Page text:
Florida has decided that preservation of highway investments will be "taken off the top." That is, it is critical to maintain existing assets before investing in new system capacity. From an asset management perspective, this ensures that roads and bridges are maintained at current value and provide the best product to the traveling public. Preservation is divided into three categories: pavement, bridge, and routine maintenance. Each has an extensive inventory-driven, performance-based, management system that allows investment decisions to be based on real needs and priorities. Monitoring and standards for each system are as follows:15

  • Pavement Management System - An annual pavement condition survey is conducted to evaluate ride quality, crack severity, and average depth of wheelpath ruts. A rating of 6 or less on a 10-point scale in any of these areas causes a pavement segment to be declared eligible for treatment. The pavement condition objective is that at least 80 percent of the State Highway System lane-miles are of sufficient quality to meet department standards; in mid 2007, 83.5 percent met the standards. Decisions concerning whether a preservation treatment, repaving, or reconstruction is most cost effective for a pavement segment are informed by life-cycle cost analysis. These analyses at the district level help to establish priorities for maintenance and replacement for the eligible projects within available funds.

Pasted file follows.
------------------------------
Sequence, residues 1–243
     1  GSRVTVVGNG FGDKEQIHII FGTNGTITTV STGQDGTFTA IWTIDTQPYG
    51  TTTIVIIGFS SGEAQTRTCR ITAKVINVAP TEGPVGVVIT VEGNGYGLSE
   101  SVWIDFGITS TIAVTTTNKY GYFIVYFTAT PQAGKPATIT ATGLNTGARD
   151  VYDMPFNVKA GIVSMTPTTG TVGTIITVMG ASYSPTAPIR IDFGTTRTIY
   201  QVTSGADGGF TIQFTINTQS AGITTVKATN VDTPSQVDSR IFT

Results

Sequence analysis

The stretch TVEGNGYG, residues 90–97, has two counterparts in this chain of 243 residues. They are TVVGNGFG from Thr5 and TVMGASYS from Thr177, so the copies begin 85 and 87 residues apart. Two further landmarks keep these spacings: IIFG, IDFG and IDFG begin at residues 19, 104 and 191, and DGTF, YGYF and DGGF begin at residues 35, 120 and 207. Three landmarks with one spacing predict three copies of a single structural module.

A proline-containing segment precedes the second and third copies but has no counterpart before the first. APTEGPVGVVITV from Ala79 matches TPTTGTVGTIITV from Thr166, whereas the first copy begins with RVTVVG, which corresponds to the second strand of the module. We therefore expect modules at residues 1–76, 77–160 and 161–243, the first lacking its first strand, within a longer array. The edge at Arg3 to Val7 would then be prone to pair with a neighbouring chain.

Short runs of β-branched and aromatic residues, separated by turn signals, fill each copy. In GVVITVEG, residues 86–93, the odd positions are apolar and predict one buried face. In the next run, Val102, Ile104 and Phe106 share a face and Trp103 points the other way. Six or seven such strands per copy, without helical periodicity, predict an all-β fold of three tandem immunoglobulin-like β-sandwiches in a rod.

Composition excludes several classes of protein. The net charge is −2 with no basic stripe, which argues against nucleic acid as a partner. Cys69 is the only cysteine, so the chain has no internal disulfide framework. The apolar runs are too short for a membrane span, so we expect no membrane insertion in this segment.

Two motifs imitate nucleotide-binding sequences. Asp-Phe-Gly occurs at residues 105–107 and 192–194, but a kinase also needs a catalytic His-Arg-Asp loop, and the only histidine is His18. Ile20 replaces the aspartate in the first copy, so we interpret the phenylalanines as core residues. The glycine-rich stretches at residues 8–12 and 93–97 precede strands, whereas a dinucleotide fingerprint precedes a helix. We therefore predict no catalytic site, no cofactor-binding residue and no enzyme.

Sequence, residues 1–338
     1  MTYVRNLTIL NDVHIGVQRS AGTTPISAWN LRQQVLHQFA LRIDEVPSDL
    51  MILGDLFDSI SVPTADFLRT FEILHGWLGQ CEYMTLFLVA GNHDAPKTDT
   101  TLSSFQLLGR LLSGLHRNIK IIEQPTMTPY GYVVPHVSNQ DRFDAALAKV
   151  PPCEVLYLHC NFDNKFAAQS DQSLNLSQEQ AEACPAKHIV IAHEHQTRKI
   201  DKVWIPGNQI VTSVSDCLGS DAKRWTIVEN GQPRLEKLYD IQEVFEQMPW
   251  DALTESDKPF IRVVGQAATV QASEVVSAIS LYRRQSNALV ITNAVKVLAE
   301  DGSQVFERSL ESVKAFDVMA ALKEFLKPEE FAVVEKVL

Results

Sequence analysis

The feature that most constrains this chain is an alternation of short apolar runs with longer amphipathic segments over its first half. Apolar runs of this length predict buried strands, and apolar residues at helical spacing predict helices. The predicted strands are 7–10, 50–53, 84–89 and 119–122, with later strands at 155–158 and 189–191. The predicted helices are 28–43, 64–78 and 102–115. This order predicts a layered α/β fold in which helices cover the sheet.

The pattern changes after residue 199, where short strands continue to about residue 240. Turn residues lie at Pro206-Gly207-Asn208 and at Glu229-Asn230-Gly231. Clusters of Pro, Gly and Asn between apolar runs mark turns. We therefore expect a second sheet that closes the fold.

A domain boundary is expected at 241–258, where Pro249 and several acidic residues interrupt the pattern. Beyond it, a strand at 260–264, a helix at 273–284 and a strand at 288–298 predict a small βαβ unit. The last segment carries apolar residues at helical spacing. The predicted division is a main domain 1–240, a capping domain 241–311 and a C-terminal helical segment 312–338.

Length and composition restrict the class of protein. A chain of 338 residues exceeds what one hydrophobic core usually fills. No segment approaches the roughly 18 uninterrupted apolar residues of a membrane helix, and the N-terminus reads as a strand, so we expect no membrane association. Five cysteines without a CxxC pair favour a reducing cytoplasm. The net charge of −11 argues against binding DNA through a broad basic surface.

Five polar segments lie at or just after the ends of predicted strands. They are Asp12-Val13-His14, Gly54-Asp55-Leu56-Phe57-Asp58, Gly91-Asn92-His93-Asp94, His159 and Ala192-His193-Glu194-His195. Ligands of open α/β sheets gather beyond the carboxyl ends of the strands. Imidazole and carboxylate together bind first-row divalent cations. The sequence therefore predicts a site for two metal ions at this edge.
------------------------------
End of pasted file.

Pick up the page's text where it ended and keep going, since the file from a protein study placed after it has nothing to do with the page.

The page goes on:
• Bridge Management System - Each of the 6,409 State-owned and -maintained bridges and about 5,039 other bridges is inspected every 2 years to identify which need preventative maintenance, minor or major repair work, or replacement. A bridge that meets department standards is defined as not showing evidence of structural deterioration, not being limited by weight restrictions, and not needing preventative maintenance. The objective is that 90 percent of department-maintained bridges must be kept at a level that meets these standards; in mid 2007, 93 percent met the standards.
  • Maintenance Rating Program - State highway maintenance condition is based on a sampling process that rates five primary categories of highway environment three times a year. The items rated are roadway (potholes, etc.), roadside (shoulders), vegetation and aesthetics (mowing, litter removal), traffic services (signs, lighting), and drainage (ditches). Each category is rated, and the overall maintenance condition is calculated. A maintenance rating of 80 is considered acceptable. The department's objective is to ensure that 100 percent of the State Highway System meets the maintenance standard; currently, this standard is being met.